John H. Winner
harral winner thompson sharp lawrence, inc.
2111 Wilson Blvd., Suite 700
Arlington, Virginia 22201
Table of Contents
1 Structure & Organization of Armenian Railways 1
1.1 Introduction 1
1.2 Organizational Structure 2
2 Marketing & Pricing 4
2.1 Introduction 4
2.2 Pricing & Policy Issues 7
2.3 Traffic Projections 11
3 Operations and Cost Reduction Opportunities 14
3.1 Introduction 14
3.2 Transportation Services 15
3.3 Infrastructure Services 21
3.4 Rollingstock Services 26
4 Financial Forecast 34
4.1 Financial Model 34
4.2 Financial Forecast 35
4.3 Rollingstock CJSC 37
Appendix A: Traffic Forecast 58
Market Segmentation for Forecast 58
Base Case 60
Open Borders Case 62
Appendix B: Financial Model 66
Transportation CJSC 67
Rollingstock CJSC 68
Infrastructure CJSC 69
Appendix C: Methodology for Measuring Profitability by Line of Business 71
Rollingstock Costs 72
Infrastructure Costs 73
Transportation Costs 74
1Structure & Organization of Armenian Railways
A rmenian Railways (AR) is an 842 km network of rail lines that link the main cities in Armenia, and connects Armenia with the neighboring countries of Georgia, Azerbaijan and Turkey.1 Before the dissolution of the Soviet Union, AR was part of the Trans-Caucuses Railway within the Soviet Ministry of Railways (MPS). The Trans-Caucuses Railway, headquartered in Baku, also included the railways of Georgia and Azerbaijan. The AR lines were operated as part of this larger network.
Following Armenia’s independence in 1991, AR was established as a separate railway. Shortly after independence, fighting broke out between Armenia and Azerbaijan over Nagorno-Karabakh and Azerbaijan and Turkey closed their borders with Armenia. Although a cease-fire was announced in 1994, the borders remain closed. The border closures isolate a 46 km segment of AR in southern Armenia, which is now closed. An additional segment of line between Dilijan and the Azerbaijan border is closed because of a landslide. AR’s only open international connection is at Airum with the Georgian Railway. This connection is a strategically important link for imports of oil and food products into Armenia.
At the end of the Soviet era, AR carried nearly 35 million tonnes of freight and 5 million passengers a year. The economic dislocations stemming from the dissolution of the Soviet Union, the war in Nagorno-Karabakh, and the border closures depressed the Armenian economy and devastated rail traffic. By 1999, AR carried only 1.5 million tonnes and 1.3 million passengers. The economy of Armenia contracted again in 2000, but growth is expected to resume in 2001. While economic growth expected to encourage rail traffic, the Armenian economy is growing away from rail-based industries, so rail traffic is expected to grow slowly and not recover to Soviet era levels.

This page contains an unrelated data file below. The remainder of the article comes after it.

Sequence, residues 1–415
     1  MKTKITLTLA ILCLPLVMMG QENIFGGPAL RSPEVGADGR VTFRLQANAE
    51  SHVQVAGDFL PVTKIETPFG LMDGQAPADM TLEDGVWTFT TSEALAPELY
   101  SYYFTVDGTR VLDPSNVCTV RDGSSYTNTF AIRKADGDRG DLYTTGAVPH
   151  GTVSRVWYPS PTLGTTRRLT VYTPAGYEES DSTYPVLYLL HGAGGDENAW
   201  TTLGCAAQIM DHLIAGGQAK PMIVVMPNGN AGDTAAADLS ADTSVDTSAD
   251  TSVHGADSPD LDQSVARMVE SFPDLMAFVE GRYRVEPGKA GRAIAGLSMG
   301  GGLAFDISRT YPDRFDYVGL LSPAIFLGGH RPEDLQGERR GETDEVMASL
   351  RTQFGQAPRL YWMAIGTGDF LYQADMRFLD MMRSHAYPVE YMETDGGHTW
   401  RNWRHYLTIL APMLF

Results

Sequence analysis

Armenian Railways has undergone tremendous change in the last decade. It became an independent national railway in 1991. Since that time, the railway experienced major reductions in traffic and has started to adjust its physical plant to its much smaller traffic base. It has experience severe financial constraints and slashed expenditures for materials and capital goods. In 1998, in a move to reform the railway and make it more commercial, AR was reorganized. It now consists of:
Railway Department. A part of the Armenian Ministry of Transport and Communications, it serves as the owner and oversight agency for the operating companies.
Infrastructure CJSC. A closed joint stock company, it owns and operates the infrastructure of the railway and charges for its use.
Rollingstock CJSC. A closed joint stock company, it owns, maintains and leases the rolling stock fleet and provides locomotive drivers and assistants.
Transportation CJSC. A closed joint stock company, it provides passenger and freight transportation services.
Eleven non-core companies.
This structure is shown in the chart on the following page. The units are expected to pay one another for services rendered. Mechanisms for billing and payment are not fully developed and are the subject of considerable discussion within the railway. AR is planning to divest the non-core companies.
AR is discussing the possibility of merging the Rollingstock Company back into the Transportation Company. If AR chooses to do this, hwtsl recommend that only the rollingstock and facilities reasonably needed to serve AR’s traffic be transferred. AR has significantly more assets than will be needed under any reasonable traffic forecast. These excess facilities and rollingstock should be put into a company, whose mandate is to maximize the value that can be derived from the assets. It should be free to sell, scrap or lease the assets for any transportation or non-transportation purpose.2